Captain’s log, stardate 20161023


Crystalizing your specialization

Sent by Jonathan Stark on October 23rd, 2016

For a few days now I’ve been hammering on the importance of specialization, but it’s mostly all been high-level theory.

I thought it might be fun to shift gears and go low-level by actually putting the theory into practice.

You game? Sweet!

Once you have decided to specialize, it’s beneficial to crystalize your new focus by writing a positioning statement.

So let’s start by defining positioning:


A marketing technique used to make a product, service, or business more memorable. This can done by focusing your marketing messages on a particular facet of your value proposition, unique differentiation from competitors, or a specific target market.

Note that positioning is specifically about how you market your offering and not necessarily about how you define, deliver, or execute the offering. What this means in practice is that you don’t have to actually do your job any differently; you just talk about it differently in your marketing materials.

Having a strong position for your product, service, or business makes it very easy for people to recognize whether or not you have something of value to offer them (or to offer someone they know). This encourages word of mouth, which in this era of real-time global connectivity, is a huge advantage.

I refer to this increased focus in marketing efforts as “niching down” or “pigeonholing yourself”. After niching down to a more focused position, many of my students have experienced what they refer to as “magic” levels of spontaneous referrals and introductions.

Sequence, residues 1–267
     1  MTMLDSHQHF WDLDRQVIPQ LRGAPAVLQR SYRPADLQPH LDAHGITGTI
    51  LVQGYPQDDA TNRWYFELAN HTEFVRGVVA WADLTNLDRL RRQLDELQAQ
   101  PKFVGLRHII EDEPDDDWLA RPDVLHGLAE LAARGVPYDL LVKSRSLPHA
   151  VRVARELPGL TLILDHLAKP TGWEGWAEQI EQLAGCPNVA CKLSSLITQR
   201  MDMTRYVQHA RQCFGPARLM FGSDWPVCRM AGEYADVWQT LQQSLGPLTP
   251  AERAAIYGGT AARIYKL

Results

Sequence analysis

Example Positioning Statements

Coming up with a laser-focused positioning statement (LFPS) is deceptively difficult for most people. In terms of form, I recommend following this format:

I’m a [DISCIPLINE] who helps [TARGET MARKET] with [EXPENSIVE PROBLEM]. Unlike my competitors, [UNIQUE DIFFERENCE].

Here are some examples:

I’m a Rails developer who helps dentists with older patients who forget appointments. Unlike my competitors, I use SMS reminders which work on both smart phones and dumb phones.

I’m a Web designer who helps Fortune 500 retailers with abandoned shopping carts on their e-commerce sites. Unlike my competitors, I use A/B tests to focus on the bottom line instead of wasting time with arbitrary design changes.

I’m a digital marketing consultant who helps financial advisors attract younger clients. Unlike my competitors, I focus specifically on the intersection of millennials and financial services.

I find that many people have an extremely hard time filling in the blanks to create a LFPS for their overall business because it triggers an identity crisis. If this is true for you, it can be useful to first focus on the central value proposition by completing a shortened format. For consulting services:


Here are some examples:

I help dentists decrease their no-shows.

I help Fortune 500 retailers decrease the number of abandoned e-commerce shopping carts.

I help financial advisors attract younger clients.

If coming up with an LFPS for your overall business proves to be too daunting, pick a product or service and write an LFPS for that instead. Here’s a version for a product or service:


Here are some examples:

Rogaine helps balding men recapture their youthful appearance.

The Side-Hustle Podcast helps web developers go from dead-end job to lucrative self-employment.

MobileRetrofit™ helps credit unions identify opportunities to quickly increase member acquisitions on mobile devices.

Your Turn

By following this stucture, can you come up with a positioning statement for your business? Or for a product or service that you offer?

Go ahead and give it at try. It’s really hard at first but keep at it for a few days. Once you end up with someting that you think is fairly solid, feel free to send my way and I’ll review. (PLMK if it’s okay to share with the list when you do)




share on twittershare on linkedinbrowse the archive